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Post Your Subjective experiences for Data Base

post #1 of 32
Thread Starter 
There have been many times when I have heard things from the subjectivist side of the fence.

The first was the USB cable we talked about. I was using an old 1.0 with a ferrite because it was handy when I wanted to check out the Stello's USB implementation. When I switched to a new, shorter, shielded 2.0 I fully expected to hear better or at least the same. To my surprise it sounded worse than the old cable.

The second time was when I A-B'd SiBurning's Benchmark against my Stello at the last meet. I had always felt the Stello was a dark DAC and what I really wanted was a brighter DAC like the Benchmark. It was a total surprise to find out that neither SiBurning or I could tell them apart.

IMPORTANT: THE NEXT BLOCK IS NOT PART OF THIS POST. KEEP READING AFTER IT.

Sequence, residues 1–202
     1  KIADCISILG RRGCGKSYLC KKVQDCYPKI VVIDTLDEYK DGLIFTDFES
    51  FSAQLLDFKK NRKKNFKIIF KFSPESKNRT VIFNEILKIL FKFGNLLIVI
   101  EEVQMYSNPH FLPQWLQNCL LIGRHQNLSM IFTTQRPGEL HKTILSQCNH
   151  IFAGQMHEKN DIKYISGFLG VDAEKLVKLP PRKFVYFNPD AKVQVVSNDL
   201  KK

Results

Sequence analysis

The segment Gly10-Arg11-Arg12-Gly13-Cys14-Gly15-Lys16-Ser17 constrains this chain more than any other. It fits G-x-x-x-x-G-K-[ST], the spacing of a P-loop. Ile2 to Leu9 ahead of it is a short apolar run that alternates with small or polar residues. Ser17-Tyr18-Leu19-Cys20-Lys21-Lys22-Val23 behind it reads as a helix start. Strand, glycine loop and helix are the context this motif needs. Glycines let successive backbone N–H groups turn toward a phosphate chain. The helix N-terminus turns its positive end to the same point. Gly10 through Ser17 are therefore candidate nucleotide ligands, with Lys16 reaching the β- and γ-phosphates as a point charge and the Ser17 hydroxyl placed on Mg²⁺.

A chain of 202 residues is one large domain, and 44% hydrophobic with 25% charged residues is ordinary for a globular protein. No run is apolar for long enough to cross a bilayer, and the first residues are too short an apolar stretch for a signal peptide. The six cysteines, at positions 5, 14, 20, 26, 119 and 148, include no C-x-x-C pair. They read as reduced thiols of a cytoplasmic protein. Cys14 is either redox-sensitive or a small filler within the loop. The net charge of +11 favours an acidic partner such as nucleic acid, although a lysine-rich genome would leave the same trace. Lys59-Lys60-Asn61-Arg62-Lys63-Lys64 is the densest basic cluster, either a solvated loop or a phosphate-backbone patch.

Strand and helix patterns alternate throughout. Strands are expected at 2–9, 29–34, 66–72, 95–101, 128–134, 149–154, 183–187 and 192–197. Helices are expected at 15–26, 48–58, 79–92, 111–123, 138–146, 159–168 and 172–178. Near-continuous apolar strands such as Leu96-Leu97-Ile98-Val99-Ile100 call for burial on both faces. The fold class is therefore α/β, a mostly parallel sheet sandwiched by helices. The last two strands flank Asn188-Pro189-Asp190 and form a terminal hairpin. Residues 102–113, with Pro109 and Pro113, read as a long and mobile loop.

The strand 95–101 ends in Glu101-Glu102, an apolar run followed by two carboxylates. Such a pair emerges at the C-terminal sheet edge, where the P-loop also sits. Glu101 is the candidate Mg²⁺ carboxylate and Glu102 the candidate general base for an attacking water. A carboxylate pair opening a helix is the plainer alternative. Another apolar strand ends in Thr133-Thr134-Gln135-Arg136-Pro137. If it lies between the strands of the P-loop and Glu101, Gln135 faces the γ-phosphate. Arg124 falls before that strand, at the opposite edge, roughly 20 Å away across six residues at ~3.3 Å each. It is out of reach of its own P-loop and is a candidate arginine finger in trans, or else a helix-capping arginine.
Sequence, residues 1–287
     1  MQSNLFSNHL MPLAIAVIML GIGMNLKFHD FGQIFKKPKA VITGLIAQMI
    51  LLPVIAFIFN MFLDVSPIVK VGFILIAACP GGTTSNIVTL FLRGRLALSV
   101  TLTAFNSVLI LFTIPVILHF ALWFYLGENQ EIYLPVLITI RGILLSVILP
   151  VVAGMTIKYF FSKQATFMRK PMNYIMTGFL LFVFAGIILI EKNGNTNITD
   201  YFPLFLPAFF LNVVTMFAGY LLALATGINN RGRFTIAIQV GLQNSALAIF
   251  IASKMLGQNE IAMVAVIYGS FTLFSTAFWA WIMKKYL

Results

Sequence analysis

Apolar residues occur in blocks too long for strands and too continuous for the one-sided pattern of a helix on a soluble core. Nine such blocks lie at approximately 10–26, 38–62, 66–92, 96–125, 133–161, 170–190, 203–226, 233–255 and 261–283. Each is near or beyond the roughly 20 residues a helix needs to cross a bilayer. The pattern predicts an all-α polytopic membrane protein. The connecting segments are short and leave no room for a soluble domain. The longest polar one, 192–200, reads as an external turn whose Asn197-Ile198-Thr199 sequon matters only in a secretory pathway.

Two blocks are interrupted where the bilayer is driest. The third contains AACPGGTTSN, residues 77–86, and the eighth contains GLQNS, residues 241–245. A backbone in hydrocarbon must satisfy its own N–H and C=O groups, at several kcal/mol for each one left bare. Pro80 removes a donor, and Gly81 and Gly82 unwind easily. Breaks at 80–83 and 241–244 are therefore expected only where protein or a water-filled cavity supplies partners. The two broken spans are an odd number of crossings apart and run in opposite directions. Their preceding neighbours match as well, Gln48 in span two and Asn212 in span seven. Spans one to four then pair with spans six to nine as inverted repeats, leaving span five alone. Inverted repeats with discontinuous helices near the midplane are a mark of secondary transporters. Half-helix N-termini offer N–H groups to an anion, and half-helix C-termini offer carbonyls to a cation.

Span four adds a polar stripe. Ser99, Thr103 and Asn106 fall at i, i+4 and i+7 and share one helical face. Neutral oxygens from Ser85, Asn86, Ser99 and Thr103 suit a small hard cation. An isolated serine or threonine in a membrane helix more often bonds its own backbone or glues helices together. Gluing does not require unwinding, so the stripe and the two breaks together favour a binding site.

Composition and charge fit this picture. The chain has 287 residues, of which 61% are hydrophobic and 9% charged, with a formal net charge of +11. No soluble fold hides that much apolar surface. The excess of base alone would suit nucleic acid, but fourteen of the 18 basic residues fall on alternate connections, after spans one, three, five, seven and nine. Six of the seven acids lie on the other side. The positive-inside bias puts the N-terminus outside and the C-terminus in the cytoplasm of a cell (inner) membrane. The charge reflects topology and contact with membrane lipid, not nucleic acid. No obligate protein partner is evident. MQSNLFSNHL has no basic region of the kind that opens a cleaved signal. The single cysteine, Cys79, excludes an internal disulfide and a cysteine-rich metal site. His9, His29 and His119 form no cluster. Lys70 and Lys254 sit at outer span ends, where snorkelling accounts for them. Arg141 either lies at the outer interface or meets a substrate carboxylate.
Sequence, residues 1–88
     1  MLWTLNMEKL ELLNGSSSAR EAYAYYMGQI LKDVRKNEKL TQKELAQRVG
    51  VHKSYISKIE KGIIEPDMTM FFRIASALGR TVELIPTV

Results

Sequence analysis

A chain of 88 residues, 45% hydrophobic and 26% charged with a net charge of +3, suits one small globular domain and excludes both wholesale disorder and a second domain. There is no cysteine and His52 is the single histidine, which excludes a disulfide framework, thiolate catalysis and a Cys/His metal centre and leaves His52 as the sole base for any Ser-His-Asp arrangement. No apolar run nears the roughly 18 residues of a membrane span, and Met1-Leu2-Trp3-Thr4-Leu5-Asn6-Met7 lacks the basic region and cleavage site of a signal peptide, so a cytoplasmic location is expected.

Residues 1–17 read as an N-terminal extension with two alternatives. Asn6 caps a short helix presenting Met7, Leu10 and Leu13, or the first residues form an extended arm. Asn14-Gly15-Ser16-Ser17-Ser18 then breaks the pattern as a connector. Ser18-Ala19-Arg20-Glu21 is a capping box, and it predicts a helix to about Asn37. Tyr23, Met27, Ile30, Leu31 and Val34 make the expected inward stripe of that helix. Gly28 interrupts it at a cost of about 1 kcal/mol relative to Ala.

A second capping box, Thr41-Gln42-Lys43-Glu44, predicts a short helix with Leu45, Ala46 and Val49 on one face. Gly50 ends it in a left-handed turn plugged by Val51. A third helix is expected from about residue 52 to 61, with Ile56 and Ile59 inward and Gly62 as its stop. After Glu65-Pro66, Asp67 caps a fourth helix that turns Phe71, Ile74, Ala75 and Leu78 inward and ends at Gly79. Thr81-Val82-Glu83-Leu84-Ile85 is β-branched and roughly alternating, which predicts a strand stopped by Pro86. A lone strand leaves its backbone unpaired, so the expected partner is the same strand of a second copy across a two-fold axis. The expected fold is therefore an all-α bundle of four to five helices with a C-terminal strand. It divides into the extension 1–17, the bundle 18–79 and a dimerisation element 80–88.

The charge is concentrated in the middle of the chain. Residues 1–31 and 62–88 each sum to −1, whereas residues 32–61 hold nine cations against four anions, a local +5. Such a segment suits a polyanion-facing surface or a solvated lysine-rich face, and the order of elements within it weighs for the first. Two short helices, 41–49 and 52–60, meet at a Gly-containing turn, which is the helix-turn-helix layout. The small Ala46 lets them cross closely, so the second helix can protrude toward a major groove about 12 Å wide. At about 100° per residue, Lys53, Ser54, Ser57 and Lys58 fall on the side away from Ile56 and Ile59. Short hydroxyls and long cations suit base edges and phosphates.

The third time was when I was sure I could tell the difference between an 8610 op amp and a 637/627 op amp in my M^3. I was so sure I could tell them apart, I sent WAVs of the differences to amb, who inverted, subtracted and showed me there was in fact, no audible difference between the two.

The forth time was when I auditioned the Neko DAC. I formed an impression of it's sound signature over a two week period, relative to the Stello which I was very familiar with. I even went so far as to classify the Stello's sound signature as having a smile EQ and the Neko's a frown with a pronounced mid. When I volume balanced and compared them head to head, there was no smile and there was no frown... they sounded exactly the same. I posted about that in my "Conundrum" thread.